The Marketplace is also a buzzy spot for its slew of shops and interesting knick knacks — aka, all the merch you’ll ever want! From enamel pins and t-shirts, to ugly-cute plushies at the Creature Stall, to wooden toys and instruments at the Toydarian Toymaker, you’ll, for sure, be spoilt for choice, almost as if you’ve been Jedi Mind Trick-ed to bust your Disneyland budget. I mean, that’s not what’s happening right??


Then, at the Droid Depot, you’ll again be tempted because here, you get to put together your own lil’ droid. Choose from a BB-series or R-series unit, then pick your customisable parts as they roll by on the shop’s conveyor belt, before finally assembling your sidekick. It costs USD99.99 for an astromech droid unit, which can be activated with a remote control.

Also, interesting, Dok-Ondar’s Den of Antiquities. You’ll find that nearer to the main canteen actually, a den of unique items, rare objects, oddities, and other knick-knacks, things that hardcore Star Wars fans would gush about. Once again, each detail is so deliberate that it’ll feel more true-to-life than just the usual set design.



Just a short walk away… the Resistance Supply.

Located a little away from the main action, lies Resistance Supply, where you can rendezvous with other allies in a forested area near some ancient ruins — this happens to be where the Resistance has set up their covert makeshift post. I do wonder what’ll happen if you give the location away to the First Order… but nah, I’m with General Organa.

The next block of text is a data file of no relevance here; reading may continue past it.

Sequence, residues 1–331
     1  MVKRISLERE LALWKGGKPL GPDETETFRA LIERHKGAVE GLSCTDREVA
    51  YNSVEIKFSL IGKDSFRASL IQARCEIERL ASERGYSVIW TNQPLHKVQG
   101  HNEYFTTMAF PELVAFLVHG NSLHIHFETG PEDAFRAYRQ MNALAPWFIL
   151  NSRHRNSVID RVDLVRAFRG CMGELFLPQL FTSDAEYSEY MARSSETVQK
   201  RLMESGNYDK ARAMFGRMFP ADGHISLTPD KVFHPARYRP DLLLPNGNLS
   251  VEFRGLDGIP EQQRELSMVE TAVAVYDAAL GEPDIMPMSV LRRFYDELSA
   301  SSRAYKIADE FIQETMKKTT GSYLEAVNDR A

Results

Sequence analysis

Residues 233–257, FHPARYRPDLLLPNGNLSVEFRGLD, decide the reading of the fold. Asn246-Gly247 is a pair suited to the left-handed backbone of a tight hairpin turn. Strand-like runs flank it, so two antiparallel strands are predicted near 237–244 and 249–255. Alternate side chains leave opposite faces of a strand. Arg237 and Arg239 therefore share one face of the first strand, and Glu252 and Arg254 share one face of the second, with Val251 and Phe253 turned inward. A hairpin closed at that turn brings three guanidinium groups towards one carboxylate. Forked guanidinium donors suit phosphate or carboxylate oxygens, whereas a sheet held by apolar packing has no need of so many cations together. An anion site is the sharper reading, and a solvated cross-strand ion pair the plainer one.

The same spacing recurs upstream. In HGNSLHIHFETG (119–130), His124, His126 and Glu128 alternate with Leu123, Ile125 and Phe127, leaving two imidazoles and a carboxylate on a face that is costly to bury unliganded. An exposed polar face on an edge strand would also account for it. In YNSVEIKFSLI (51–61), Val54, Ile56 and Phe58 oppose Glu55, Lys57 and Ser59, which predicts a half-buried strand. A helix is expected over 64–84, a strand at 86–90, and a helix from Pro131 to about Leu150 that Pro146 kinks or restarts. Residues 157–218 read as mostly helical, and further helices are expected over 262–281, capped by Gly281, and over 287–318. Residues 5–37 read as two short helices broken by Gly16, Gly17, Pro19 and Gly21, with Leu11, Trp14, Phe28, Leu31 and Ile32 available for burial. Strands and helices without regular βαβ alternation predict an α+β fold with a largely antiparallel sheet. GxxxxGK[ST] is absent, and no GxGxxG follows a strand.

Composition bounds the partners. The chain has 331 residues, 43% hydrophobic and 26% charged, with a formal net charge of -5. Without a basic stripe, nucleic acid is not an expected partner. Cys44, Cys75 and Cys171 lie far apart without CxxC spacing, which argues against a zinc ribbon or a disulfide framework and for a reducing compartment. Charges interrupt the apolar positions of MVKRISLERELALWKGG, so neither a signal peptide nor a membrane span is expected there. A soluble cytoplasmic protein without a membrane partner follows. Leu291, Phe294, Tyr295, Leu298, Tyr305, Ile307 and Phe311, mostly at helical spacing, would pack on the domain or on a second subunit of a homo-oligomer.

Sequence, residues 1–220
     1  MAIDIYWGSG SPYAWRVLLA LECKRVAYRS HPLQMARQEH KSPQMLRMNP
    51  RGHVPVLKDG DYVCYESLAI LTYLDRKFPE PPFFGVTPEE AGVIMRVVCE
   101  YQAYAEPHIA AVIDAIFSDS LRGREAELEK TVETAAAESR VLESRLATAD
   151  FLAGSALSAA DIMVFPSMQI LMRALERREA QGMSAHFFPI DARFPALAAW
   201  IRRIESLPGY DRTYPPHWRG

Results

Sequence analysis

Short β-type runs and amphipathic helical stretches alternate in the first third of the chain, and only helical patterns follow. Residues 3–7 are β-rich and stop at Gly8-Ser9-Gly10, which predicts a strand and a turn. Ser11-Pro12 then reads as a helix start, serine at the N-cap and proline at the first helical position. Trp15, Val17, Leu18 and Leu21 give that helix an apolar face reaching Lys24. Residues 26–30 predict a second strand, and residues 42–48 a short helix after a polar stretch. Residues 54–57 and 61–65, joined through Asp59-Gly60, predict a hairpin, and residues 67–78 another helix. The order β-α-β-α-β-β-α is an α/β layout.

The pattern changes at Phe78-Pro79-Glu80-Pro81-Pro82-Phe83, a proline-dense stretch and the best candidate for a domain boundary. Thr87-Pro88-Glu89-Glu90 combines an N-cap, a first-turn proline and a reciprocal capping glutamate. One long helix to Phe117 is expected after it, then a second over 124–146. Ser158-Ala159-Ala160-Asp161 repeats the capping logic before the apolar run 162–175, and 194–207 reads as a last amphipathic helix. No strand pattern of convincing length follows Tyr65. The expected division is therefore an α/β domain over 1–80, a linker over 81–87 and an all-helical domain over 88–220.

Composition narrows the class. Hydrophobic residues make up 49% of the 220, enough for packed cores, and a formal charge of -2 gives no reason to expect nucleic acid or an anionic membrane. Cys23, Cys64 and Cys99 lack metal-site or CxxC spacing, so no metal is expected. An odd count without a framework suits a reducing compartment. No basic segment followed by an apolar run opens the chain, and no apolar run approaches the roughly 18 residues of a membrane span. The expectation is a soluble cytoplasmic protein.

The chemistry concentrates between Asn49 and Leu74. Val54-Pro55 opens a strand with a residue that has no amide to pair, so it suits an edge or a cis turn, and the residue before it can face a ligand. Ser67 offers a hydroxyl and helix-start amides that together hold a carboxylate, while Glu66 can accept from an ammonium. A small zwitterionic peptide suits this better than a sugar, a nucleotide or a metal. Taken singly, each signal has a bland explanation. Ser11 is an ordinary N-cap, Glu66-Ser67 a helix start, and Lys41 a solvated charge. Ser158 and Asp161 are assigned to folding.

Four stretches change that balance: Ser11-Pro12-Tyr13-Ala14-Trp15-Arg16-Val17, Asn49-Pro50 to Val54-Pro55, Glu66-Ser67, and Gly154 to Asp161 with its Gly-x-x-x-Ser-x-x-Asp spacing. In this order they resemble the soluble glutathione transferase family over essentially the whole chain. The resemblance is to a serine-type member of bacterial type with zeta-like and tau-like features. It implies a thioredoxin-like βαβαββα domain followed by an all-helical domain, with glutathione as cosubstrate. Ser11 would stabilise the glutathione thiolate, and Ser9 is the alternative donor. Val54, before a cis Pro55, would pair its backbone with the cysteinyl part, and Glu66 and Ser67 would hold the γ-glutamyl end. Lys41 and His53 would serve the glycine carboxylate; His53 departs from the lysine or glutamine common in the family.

Here, we spotted Chewie tinkering with an old X-Wing, and a brief appearance of Rey along the way, but other than that, this is pretty much a photo spot and possibly the only place you can get Resistance-themed souvenirs. A little quiet for now, but a nice respite from the crowds, while it’s also cool to know that the fact that it’s kinda hidden makes sense for its storyline.

This will be the site for an upcoming ride too — Star Wars: Rise of the Resistance, opening 17 Jan, which will give this area more of a buzz.



I went to Savi’s Workshop, and all I got was this blurry pic.

Custom-built lightsaber. Enough said? No, not really. Okay, how do I justify the price of a USD199.99 toy… it’s tough, but just know that as a Star Wars fan, you’ll be sorely tempted, even if said lightsaber ends up being a mere prop at home.